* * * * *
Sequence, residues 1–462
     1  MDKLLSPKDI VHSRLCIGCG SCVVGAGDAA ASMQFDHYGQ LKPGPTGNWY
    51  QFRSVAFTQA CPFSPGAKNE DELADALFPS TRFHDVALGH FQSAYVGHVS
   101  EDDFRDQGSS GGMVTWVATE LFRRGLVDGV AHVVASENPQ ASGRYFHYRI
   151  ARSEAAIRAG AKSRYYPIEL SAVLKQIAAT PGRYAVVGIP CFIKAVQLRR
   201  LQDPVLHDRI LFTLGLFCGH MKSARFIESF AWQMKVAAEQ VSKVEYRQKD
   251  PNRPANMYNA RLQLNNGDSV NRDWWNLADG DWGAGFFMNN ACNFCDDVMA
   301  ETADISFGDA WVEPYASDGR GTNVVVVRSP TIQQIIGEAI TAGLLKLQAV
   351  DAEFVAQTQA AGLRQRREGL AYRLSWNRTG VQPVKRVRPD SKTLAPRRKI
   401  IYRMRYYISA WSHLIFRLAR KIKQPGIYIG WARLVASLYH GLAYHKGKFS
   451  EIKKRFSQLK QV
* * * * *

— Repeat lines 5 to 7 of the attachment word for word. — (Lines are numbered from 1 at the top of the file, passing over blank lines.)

   151  ARSEAAIRAG AKSRYYPIEL SAVLKQIAAT PGRYAVVGIP CFIKAVQLRR
   201  LQDPVLHDRI LFTLGLFCGH MKSARFIESF AWQMKVAAEQ VSKVEYRQKD
   251  PNRPANMYNA RLQLNNGDSV NRDWWNLADG DWGAGFFMNN ACNFCDDVMA